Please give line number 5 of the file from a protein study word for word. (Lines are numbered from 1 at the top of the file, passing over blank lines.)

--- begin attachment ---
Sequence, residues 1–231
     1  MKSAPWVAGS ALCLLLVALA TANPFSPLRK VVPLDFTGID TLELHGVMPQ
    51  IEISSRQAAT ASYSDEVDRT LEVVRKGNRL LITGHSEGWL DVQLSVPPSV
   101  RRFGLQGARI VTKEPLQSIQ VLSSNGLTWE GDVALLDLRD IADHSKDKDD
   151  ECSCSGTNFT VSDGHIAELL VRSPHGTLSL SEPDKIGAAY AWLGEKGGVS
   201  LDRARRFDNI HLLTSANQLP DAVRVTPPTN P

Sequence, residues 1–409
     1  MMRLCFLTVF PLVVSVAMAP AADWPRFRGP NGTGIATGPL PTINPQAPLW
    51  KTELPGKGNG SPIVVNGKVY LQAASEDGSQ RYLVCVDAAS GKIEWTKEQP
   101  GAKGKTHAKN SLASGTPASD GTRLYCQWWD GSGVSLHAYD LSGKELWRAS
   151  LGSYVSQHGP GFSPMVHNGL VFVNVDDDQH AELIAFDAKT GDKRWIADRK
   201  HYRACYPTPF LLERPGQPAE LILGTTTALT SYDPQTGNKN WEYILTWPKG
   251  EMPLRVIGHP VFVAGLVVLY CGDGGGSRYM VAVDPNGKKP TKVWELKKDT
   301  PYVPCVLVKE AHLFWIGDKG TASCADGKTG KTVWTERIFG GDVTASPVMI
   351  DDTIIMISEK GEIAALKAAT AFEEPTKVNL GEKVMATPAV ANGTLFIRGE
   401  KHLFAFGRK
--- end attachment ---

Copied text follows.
   151  ECSCSGTNFT VSDGHIAELL VRSPHGTLSL SEPDKIGAAY AWLGEKGGVS